Tibetan politics is an extremely sensitive issue. Normal Chinese travel and tourism rules are absolutely not applicable in Tibet and getting a visa to Tibet is actually a big deal. Government rules and regulations are extremely strict and illiberal. However, Tibet is actually very safe to travel. No sorts of political movements take place which will impede people’s lives. Even if such movements occur, they instantly taken care of by the police or government officials. However, robbery and pickpocketing is often at time beyond the governments’ control. Hence, it is best to remain on the safe side and properly and carefully take care of your belongings.

In order to get a visa to travel to Lhasa, either individually or in a group, one needs to book their tour with a travel agency. Without booking your tour with a travel agency, it isn’t possible to get a travel visa to Lhasa. Other than citizens of Hong Kong and Macau, all other nationalities need to apply for a visa which includes Chinese citizens as well. Similarly, if you wish to explore places beyond Lhasa then you also need to apply for the ‘Aliens’ Travel Permit’. On the downside, if you are a diplomat, a journalist, a professional media photographer or a government official, you have to apply for your visa through the Tibet Foreign Affairs Office. So firstly one needs a Chinese visa and then a Tibet Travel Permit which is issued by the Tibet Tourism Bureau which takes about 3 working days.

Travel insurance is highly recommended while traveling to Tibet. Especially travel insurances that cover ambulances and an emergency flight back home in certain cases of altitude sickness. Opt for a policy that will particularly cover you medical bills that will direct pay the hospital rather than you having to pay right there. Similarly, trip and flight cancellation insurance might also be necessary if you happen to be flying to Western or Eastern Tibet as flights to these regions often close.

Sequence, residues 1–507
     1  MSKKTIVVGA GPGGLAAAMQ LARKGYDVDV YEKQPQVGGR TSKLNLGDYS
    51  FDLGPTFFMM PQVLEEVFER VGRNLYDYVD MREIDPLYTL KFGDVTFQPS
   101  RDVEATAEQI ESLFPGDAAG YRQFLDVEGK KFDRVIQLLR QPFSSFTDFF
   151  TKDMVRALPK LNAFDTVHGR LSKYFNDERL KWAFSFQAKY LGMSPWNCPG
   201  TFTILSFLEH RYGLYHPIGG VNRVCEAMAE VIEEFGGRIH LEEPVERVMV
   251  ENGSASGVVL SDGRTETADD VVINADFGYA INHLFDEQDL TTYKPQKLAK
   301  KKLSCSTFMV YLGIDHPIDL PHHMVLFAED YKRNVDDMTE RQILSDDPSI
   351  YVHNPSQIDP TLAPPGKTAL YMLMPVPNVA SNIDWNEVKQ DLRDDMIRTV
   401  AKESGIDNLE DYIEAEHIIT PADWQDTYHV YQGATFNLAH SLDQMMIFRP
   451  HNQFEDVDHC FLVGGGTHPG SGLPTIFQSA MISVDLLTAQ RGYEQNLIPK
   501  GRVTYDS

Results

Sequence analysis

Before going to Lhasa, you need to be aware of the weather conditions. Lhasa didn’t get the name of ‘The Roof of the World’ just like that. Lhasa lies at a whooping elevation of 3550m where the sunshine is very strong, the air of cold and dry and there’s a huge difference in the day to night temperatures. The air in Lhasa is very thin and has a low oxygen level which may lead to some people having breathing problems. Summer which ranges from the months of June to August, is the best time to travel to Lhasa as the air has a higher oxygen level and the weather is cool and please. Spring which ranges from April and May, as well as, autumn, which ranges from September to October are great times to travel to Tibet as well.

Flight cancelations to Tibet do happen sometimes. The main reason being that the Chinese air force using the Lhasa airport for military issues. There are less chances of early morning flight getting delayed which is why it is recommended to take early morning flights. Weather in the spring and autumn isn’t much of an issue while flying, so weather can be taken out of the spectrum. The most reliable airlines to Lhasa are Air China, Sichuan Airlines, China Eastern Airlines and China Southern airlines, which have similar services with similar price points.